Re Jeffel ((in Receivership))

JurisdictionIreland
JudgeMr. Justice Gilligan
Judgment Date03 February 2012
Neutral Citation[2012] IEHC 279
CourtHigh Court
Date03 February 2012

[2012] IEHC 279

THE HIGH COURT

[No. 403 COS/2011]
Jeffel (in receivership), In re
IN THE MATTER OF JEFFEL (IN RECEIVERSHIP)
AND IN THE MATTER OF SECTION 316 OF THE COMPANIES ACT 1963
DONNA COSGRAVE
NOTICE PARTY

COMPANIES ACT 1963 S316

HSS (IN RECEIVERSHIP), IN RE UNREP CLARKE 28.10.2011 2011/26/6865 2011 IEHC 497

SALTHILL PROPERTIES LTD (IN RECEIVERSHIP), IN RE UNREP SUPREME 29.5.2006 2006/52/10997 2006 IESC 35

GOUGH COMPANY CHARGES 2ED P228

BULA LTD v CROWLEY (NO 4) 2003 2 IR 430

COMPANIES ACT 1963 S316(1)

WELCH v BOWMAKER (IRL) LTD 1980 IR 251

V (B) v ZURICH INSURANCE CO 2005 1 IR 274

BNY TRUST CO (IRL) LTD & ARK LIFE ASSURANCE CO LTD v TREASURY HOLDINGS UNREP CLARKE 5.7.2007 2007/5/998 2007 IEHC 271

REGISTRATION OF TITLE ACT 1964 S68(2)

DELANEY EQUITY & THE LAW OF TRUSTS IN IRELAND 5ED 2011 37

WYLIE IRISH LAND LAW 4ED 2010 PARA 3.79

TEMPANY v HYNES 1976 IR 101

ANSTIS, IN RE 1886 31 CH D 596

REGISTRATION OF TITLE ACT 1964 S72(1)(J)

NORTHERN BANK v HENRY 1981 IR 1

CONVEYANCING ACT 1882 S3

FAMILY HOME PROTECTION ACT 1976 S3(7)

CONVEYANCING ACT 1882 S1(4)

HUNT v LUCK 1901 CH 45

WYLIE IRISH LAND LAW 4ED 2010 139

BANK OF IRELAND v ROCKFIELD 1979 IR 21

MANCHESTER TRUST v FURNESS 1895 2 QB 539

DANKSE BANK A/S (T/A NATIONAL IRISH BANK PLC) v MADDEN UNREP 3.7.2009 2009/12/2672 2009 IEHC 319

LAND & CONVEYANCING LAW REFORM ACT 2009 S8(3)

LAND & CONVEYANCING LAW REFORM ACT 2009 (COMMENCEMENT) ORDER 2009 SI 356/2009

LAND & CONVEYANCING LAW REFORM ACT 2009 S52

FAMILY HOME PROTECTION ACT 1976 S7

NESTOR v MURPHY 1979 IR 326

FAMILY HOME PROTECTION ACT 1976 S3

FAMILY HOME PROTECTION ACT 1976 S3(1)

FAMILY HOME PROTECTION ACT 1976 S3(3)(B)

WALPOLES (IRL) LTD v JAY UNREP HIGH 20.11.1980

SHANNON FAMILY LAW PRACTITIONER 2008 PARA BD-049

SHATTER SHATTERS FAMILY LAW 4ED 1997 728

BANK OF IRELAND v PURCELL 1989 IR 327

Company - Receivership - Receiver - Land - Rights over - Receiver seeking relief in relation to company's alleged rights over land - S 316 Companies Act 1963

Facts: The applicant appointed by a bank as receiver of a company, said company being indebted to the bank. The bank had entered into a debenture agreement with the company secured on certain assets, and accordingly the applicant contended that the company had rights in a property in County Dublin ("the property").

The property was currently occupied by a Ms. Cosgrave and her family. Ms. Cosgrave was separated from her husband, a director and shareholder of the company. The company had agreed to sell the property to a member of her husband's family, and as part of her separation agreement Ms. Cosgrave was permitted to reside in the property as a family home.

The applicant therefore sought directions under s 316 of the Companies Act 1963 ("s 316") from the Court in relation to the respective rights of the company and Ms. Cosgrave, as well as applying for reliefs in relation to the property.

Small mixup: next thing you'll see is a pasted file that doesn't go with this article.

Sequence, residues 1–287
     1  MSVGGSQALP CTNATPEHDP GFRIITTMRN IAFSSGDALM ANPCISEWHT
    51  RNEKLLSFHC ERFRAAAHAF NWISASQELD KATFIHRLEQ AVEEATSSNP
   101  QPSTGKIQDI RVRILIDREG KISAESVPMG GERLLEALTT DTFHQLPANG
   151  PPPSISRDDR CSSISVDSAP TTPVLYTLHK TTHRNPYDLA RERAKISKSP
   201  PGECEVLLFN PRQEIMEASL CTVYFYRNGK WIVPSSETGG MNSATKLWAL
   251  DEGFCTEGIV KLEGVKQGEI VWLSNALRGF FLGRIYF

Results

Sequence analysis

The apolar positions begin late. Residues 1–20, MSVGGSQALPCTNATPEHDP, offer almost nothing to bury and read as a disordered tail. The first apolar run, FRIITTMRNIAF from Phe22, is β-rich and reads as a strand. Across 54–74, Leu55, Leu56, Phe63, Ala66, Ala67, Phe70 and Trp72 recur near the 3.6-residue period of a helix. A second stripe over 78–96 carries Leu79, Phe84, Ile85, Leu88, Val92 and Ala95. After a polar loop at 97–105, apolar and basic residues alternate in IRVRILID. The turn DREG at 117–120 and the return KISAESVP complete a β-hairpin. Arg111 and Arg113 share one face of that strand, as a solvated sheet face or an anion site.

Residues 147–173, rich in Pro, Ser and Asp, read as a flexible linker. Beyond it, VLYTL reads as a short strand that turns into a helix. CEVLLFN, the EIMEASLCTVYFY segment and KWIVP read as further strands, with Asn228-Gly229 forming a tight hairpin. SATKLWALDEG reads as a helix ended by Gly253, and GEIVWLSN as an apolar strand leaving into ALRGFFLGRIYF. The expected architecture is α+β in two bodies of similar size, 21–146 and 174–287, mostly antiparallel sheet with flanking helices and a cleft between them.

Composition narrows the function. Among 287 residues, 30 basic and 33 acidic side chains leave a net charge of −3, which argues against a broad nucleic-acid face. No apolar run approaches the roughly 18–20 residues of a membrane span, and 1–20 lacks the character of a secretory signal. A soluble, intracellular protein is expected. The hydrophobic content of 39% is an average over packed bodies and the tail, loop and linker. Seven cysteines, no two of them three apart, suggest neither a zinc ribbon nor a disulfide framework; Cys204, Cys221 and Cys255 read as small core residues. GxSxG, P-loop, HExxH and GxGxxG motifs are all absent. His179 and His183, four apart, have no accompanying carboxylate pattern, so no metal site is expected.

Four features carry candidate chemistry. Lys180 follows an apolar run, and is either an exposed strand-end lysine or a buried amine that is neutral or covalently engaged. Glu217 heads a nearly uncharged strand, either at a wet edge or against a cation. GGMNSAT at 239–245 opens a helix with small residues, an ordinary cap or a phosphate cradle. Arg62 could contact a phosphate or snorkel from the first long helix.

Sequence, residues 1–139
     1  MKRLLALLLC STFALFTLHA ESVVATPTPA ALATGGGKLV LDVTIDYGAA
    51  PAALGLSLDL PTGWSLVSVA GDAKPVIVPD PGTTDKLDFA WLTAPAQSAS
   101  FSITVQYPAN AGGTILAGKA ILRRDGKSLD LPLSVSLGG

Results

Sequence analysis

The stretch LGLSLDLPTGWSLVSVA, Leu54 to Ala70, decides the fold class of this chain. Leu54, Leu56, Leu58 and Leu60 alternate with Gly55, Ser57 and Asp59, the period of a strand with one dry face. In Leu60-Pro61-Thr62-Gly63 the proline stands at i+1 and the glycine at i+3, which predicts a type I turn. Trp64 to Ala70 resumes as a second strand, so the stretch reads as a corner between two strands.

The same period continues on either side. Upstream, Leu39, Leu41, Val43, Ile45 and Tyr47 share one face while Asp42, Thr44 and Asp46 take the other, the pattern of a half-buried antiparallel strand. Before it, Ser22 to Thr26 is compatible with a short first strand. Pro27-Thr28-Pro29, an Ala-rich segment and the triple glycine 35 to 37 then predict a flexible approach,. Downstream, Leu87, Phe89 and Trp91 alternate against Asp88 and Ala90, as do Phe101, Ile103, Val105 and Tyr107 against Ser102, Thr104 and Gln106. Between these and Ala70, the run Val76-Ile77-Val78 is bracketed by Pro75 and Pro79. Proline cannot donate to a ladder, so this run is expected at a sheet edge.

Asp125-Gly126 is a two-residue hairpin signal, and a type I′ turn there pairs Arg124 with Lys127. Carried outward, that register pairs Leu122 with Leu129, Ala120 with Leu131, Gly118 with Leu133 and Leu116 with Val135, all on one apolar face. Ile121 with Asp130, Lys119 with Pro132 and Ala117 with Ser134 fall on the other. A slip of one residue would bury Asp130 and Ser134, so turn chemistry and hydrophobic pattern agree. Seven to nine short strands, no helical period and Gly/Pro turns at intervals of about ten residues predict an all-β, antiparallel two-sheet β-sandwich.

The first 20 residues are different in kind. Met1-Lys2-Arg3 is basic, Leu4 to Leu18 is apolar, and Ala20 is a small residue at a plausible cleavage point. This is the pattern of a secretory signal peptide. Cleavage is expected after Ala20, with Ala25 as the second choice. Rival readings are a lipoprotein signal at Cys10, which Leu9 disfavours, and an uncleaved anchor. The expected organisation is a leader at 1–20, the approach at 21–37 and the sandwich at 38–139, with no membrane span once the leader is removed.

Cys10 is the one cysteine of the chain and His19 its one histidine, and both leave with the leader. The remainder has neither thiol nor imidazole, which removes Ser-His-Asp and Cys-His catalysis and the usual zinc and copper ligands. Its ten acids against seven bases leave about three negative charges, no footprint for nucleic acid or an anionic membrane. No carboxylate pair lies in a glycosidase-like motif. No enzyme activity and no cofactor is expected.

Held by Gilligan J, that a number of questions had to be determined before giving directions on the parties' respective rights. Firstly, the Court had to decide on whom the burden of proof fell under s 316 applications, and secondly was the Court constrained in hearing the matter on exchange of affidavit evidence.

The Court stated the burden of proof in s 316 applications fell on the party seeking to disturb prior interests, and this was to be considered on the facts of the case. Having considered the law, the Court was satisfied it was appropriate to proceed in the matter of the basis of affidavit evidence.

The Court reviewed the evidence and relevant case law, and accepted the bank had a charge over the property. Ms. Cosgrave had received a beneficial interest in the property from the company before the purchase price was paid to the company. This interest dated from 2006, the point at which she took up residence, and was an equitable interest. Welch v Bowmaker (Jr.) Ltd. [1980] IR 251 applied.

On the basis of the above, the Court proceeded to consider whether the bank was a bona fide purchaser for value without notice of Ms. Cosgrave's interest. The burden of proof in this regards fell on the bank, and the bank could not be said to have investigated title fully. The interest of the bank was therefore subject to Ms. Cosgrave's interest. In addition, the transfer of the property to the bank was void for offending the provisions of the Family Home Protection Act 1976. The application for reliefs would therefore be dismissed. Northern Bank v Henry [1981] IR 1 followed.

Headnotes

Introduction
1

1. The property at the centre of the present application, known as Saggart Lodge, is a detached Victorian house of circa 3,500 sq. ft., built around 1850 and situate on approximately one half acre (the "Property"). The Property was purchased as part of a larger parcel of land in May 2004 and was, at that stage, in a considerable state of disrepair. The remainder of the land was subsequently developed for housing and has, to a greater or lesser extent, since been sold off. That development, or a part thereof, also shares the name "Saggart Lodge".